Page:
And may I point out – may I make an aside here – that this is a final proof that the Aaronic priesthood, the Levitical priesthood, was temporary. It had a purpose of God in teaching Israel, but when that purpose was accomplished, it was done away with forever [Hebrews 7:11-28]. There is no Levitical priesthood before which we sit to learn the access to God. We have a High Priest who has neither beginning nor end, who has no ancestry, and no descent [John 1:1, 8:58, 16:28, 17:5; Hebrews 7:3, 13:8; Revelation 1:8, 11, 21:6, 22:13]. He abides a priest forever after the order of Melchizedek [Psalm 110:4; Colossians 1:17; Hebrews 5:5-10, 6:19-20, 7:11-25].
Now, one of the beautiful things – and how unusual that at this very time of the year, in our preaching through the Book of Genesis, we should come to the way Abraham bowed before El Elyon and before Melchizedek, the priest of that Most High God. He gave him tithes of all [Genesis 14:20]. That was apparently from the beginning. In Genesis 4:4, "Abel gave God a minchah," apparently a tithe. This is 450 to 500 years before the Law. And we meet that again in Jacob when, at Bethel, he awakened from the beautiful vision of that angelic descent and assent from heaven of those angels [Genesis 28:10-22]. And, finally, four hundred years later, it was incorporated into the Law [Exodus 27:28-34]. The tithe is holy unto the Lord. It is to be of the soul and of the heart.
God is addressed as Possessor of heaven and earth [Genesis 14:19, 22], and everything belongs to Him [Psalm 50:10]. As Psalm 24, verse 1 says, "The earth is the Lord’s, and all the fullness thereof." It belongs to God; and God gives to us – in this pilgrimage – God gives to us our faculties, and our powers, and our substances. In Deuteronomy 8:18: "Thou shalt remember the Lord thy God, for it is He that giveth thee power to gain substance." In Luke 19:13, our Lord says, "Occupy till I come." Pragmateuomai: our word "pragmatic" comes from that. Pragmateuomai: the word literally means "trade, do business" until I come; and the Lord is pleased with us when we work and when we set aside any increase that is given us in faithfulness to Him. God blesses that faithful steward. According to Malachi 3:10, "You bring that tithe" – that proportion set aside as holy for God – "you bring it into the house of the Lord, and try Me and see if I won’t open the windows of heaven, that I’ll bless you such as you’ll not be able to receive it."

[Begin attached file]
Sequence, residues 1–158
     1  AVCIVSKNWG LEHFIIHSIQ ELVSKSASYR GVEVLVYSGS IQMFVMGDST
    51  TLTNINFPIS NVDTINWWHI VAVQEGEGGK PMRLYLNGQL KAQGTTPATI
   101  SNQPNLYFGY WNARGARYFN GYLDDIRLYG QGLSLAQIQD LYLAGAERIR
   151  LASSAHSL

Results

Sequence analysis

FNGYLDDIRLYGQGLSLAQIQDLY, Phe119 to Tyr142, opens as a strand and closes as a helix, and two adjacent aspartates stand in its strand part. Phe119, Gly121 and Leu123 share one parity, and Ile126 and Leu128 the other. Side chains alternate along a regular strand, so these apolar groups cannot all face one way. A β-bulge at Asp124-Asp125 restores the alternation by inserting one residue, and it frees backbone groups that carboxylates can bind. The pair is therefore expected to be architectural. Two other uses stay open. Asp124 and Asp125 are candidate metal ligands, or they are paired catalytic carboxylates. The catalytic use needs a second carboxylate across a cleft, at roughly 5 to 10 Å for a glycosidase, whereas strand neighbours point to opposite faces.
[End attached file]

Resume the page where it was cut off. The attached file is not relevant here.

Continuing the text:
We want to be without fear [Matthew 6:25-34, 10:28-31; Luke 12:22-34; Romans 8:15; 2 Timothy 1:7; Hebrews 2:14-15, 13:5-6; 1 John 4:18]. We want to serve God in love and in adoration [John 14:15; 1 John 4:19]; and a sign of that devotion is whatever God gives to me, I will faithfully set aside this tenth for Him [Malachi 3:8-15; 1 Corinthians 16:2; 2 Corinthians 8:1-9:15].
And I close with one of the most beautiful verses in all the Word of God that we’ve just read: "Here, men that die receive tithes, but there He receiveth them, of whom it is witness that He liveth" [Hebrews 7:8]. When I set aside as sacred and for God this proportion for Him, I bring it down here, of course, to the church, and these men receive it. They take it up and bring it into the treasury of the Lord, but God’s Book says the One who actually receives it is in heaven. There, He receives them of whom it is witnessed that He liveth. And I bring it, put it in the hands of these men who are of flesh, who are in the earth, but actually, I give it into the nail-pierced hands of our Lord; and what a privilege just to think that when I bring that sacred proportion that belongs to God, when I bring it here and place it in the hands of these men in the church, actually I am placing it in the hands of the great Savior who reigns in heaven and whom, someday, we shall see face to face [1 John 3:2].